A huge algal bloom present in the Pacific Ocean from Monterey Bay, Calif., to Alaska has been seen in Kachemak Bay, but so far has not been in large enough concentrations to cause problems here. Known sometimes as a red tide, the bloom of a plant, or phyto, plankton called pseudo-nitzschia closed razor clamming and shellfish harvesting in areas off the Oregon and Washington coast. Of concern is a chemical given off by the plankton, domoic acid.
In Kachemak Bay, no domoic acid has been seen in shellfish samples, and pseudo-nitzschia plankton counts have dropped from a high of 2.5 million cells per liter in late May to 96,000 cells per liter.
“From most recent samples, it looks like the algal bloom has begun to taper off a bit. To date we have no indication it’s toxic,” said Jessica Ryan-Shepherd, acting director for the Kachemak Bay Research Reserve.
Observations taken in Kachemak Bay since late May by scientists with the Kachemak Bay Research Reserve, or KBRR, and the National Oceanic and Atmospheric Administration Kasitsna Bay Laboratory show higher-than-normal concentrations of pseudo-nitzschia in China Poot Bay, the Homer Harbor, Tutka Bay, Peterson Bay, Jakolof Bay and Sadie Cove. The blooms put scientists on alert, said Kris Holderied, director of the Kasitsna Bay Lab.
“It means keep an eye on it. You know it’s out there,” she said.
Domoic acid measurements done by the NOAA Charleston, S.C., lab show counts of 235 nanograms per liter, way below the 30,000 ng/l counts seen in Monterey Bay, Calif.
Tests done on blue mussels in Jakolof Bay, Sadie Cove and China Poot Bay show negative for domoic acid. That’s significant.
“They sample the phytoplankton for you,” Holderied said of the mussels. “They’ve done it over time.”
Through cooperation with private scientific test manufacturers and NOAA, cheap, rapid-response kits that test for harmful chemicals like domoic acid have been developed. Kachemak Bay oyster farmers have been using the test kits in cooperation with NOAA and KBRR.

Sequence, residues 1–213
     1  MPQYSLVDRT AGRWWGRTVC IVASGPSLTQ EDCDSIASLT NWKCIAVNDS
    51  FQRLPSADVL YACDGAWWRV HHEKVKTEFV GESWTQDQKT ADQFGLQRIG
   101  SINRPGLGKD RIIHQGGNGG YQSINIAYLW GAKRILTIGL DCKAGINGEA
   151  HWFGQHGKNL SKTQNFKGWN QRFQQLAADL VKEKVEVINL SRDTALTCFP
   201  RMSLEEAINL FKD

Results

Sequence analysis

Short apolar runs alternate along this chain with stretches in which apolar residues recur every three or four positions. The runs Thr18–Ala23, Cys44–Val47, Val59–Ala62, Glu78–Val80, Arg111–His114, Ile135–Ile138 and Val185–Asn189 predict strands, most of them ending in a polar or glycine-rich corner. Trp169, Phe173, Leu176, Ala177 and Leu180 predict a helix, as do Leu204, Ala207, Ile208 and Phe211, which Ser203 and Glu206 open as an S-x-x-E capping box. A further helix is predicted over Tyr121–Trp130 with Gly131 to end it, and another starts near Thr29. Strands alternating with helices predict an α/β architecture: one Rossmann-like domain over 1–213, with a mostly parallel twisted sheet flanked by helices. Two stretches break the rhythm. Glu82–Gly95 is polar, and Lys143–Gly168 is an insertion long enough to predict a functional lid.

KBRR has been doing weekly plankton tows, where samples are taken by dragging small nets. In a report by Syverine Abrahamson of KBRR, she wrote that plankton samples have been quite thick and also contain a mix of copepods, another phytoplankton called rhizosolenia and jelly fish. Copepods are food for fish like salmon. NOAA biologist Dominic Hondolero has been counting cells sampled.
Another NOAA biologist, Amy Holman, is currently out on the NOAA ship Fairweather on a trip to Dutch Harbor. As part of her trip, she has been doing plankton tows to assess the northern spread of the algal bloom.
“Think of it as a kind of detection network. Do any of these bad actors start creeping up and do we have a bloom?” Holderied said.
Warm ocean temperatures have an effect on algal blooms and might be contributing to the latest harmful algal bloom. “The blob,” a huge patch of warm water in the Pacific Ocean from California to Alaska, may be causing the latest blooms. Scientists also have seen sea lion pups and murres that appear emaciated and starved.
Kachemak Bay is the only Alaska coastal area being monitored for harmful algal blooms, so it’s unknown where else in Alaska blooms might occur.
“Kachemak Bay, we do more,” Holderied said. “We just do stuff that’s not done elsewhere.”
Testing will be done throughout the summer, with reports issued every two weeks.
Michael Armstrong can be reached at firstname.lastname@example.org.